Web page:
Specifically focusing on one antecedent (information seeker's characteristics) for electronic word‐of‐mouth adoption and credibility assessments, the purpose of this paper is to attempt to shed light on consumer motivations for making and taking online recommendations, and how technically savvy consumers assess credibility online.
To investigate the role and influence of word‐of‐mouth (WOM) amongst technically savvy online consumers, purposeful sampling was used to limit participants to those who have made online purchases and who spend more than three hours a day on the internet. Using an adaptation of the grounded theory method, this study was triangulated via one face‐to‐face interview with each participant, member‐checking, analysis of online communications deemed “not credible” by the participants, and through relevant literature from marketing and information systems (IS).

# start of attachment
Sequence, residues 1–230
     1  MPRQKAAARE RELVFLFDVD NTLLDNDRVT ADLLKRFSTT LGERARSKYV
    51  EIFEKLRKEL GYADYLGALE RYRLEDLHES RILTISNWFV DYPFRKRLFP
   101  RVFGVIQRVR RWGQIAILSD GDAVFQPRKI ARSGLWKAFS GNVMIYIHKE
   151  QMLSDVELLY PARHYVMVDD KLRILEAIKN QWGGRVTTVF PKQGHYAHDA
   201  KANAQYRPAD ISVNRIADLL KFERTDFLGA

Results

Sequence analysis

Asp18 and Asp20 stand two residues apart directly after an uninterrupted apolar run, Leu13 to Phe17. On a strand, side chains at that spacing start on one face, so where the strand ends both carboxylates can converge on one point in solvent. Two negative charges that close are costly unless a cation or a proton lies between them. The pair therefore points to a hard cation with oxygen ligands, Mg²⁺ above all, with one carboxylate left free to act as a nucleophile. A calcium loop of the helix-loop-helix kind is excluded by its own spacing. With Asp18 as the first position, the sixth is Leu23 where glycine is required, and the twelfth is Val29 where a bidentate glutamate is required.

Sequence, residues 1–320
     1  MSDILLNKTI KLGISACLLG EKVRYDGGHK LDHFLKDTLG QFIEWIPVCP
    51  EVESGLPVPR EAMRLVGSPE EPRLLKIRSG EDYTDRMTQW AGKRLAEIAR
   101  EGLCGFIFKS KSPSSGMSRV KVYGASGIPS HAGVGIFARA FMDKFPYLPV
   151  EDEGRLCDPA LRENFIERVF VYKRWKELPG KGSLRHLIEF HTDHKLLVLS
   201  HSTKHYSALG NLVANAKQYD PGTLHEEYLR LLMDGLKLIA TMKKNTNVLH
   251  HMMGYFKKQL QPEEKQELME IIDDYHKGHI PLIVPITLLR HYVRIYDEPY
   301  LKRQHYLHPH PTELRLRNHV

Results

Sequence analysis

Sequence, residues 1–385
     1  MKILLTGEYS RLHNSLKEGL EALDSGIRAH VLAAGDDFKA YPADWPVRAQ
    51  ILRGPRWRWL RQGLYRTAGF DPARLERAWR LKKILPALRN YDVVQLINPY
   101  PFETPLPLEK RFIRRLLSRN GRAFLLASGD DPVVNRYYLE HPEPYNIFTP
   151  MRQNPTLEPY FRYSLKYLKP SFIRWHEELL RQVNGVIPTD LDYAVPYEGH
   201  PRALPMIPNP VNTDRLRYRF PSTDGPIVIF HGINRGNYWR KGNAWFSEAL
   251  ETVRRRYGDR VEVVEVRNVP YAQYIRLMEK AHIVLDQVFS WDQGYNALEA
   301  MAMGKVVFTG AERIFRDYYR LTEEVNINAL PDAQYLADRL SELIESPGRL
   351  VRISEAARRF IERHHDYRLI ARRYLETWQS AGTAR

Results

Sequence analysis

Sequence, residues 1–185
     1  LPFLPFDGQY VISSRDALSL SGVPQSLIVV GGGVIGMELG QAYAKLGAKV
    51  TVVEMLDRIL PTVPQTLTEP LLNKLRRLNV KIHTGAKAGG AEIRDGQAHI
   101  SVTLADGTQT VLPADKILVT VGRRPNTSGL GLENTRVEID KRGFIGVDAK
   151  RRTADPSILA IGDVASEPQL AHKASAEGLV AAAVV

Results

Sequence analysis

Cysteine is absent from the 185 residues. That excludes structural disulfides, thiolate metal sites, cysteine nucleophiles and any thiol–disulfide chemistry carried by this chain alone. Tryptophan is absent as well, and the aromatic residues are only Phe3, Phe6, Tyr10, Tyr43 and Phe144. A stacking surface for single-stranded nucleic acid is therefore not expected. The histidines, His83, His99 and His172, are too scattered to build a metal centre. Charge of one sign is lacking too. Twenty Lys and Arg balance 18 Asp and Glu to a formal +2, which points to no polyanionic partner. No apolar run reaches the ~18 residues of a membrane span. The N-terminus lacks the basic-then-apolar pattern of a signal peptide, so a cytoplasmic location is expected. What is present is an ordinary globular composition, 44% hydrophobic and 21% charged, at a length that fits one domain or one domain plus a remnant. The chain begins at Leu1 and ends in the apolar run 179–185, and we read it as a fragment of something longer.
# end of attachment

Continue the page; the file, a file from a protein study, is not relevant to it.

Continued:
Analysis shows that participants exhibit more of a “bricks‐to‐clicks” than a “clicks‐to‐bricks” purchasing cycle. In addition to relying on customer reviews online, participants accept online WOM to enhance their self‐worth, avoid risk, or enact negativity bias. Additionally, assessment of online WOM credibility is based on four factors: the polarity and quantity of posts, the logic and articulation of posts, the ability to find corroborating sources, and the previous experience of participants with particular sellers.
Previous research in WOM has not specifically explored how technically savvy consumers assess the credibility of online information and how these consumers may help to identify future trends for online customer exchanges. This qualitative study fills this gap. Conceptual framework and managerial implications are discussed.
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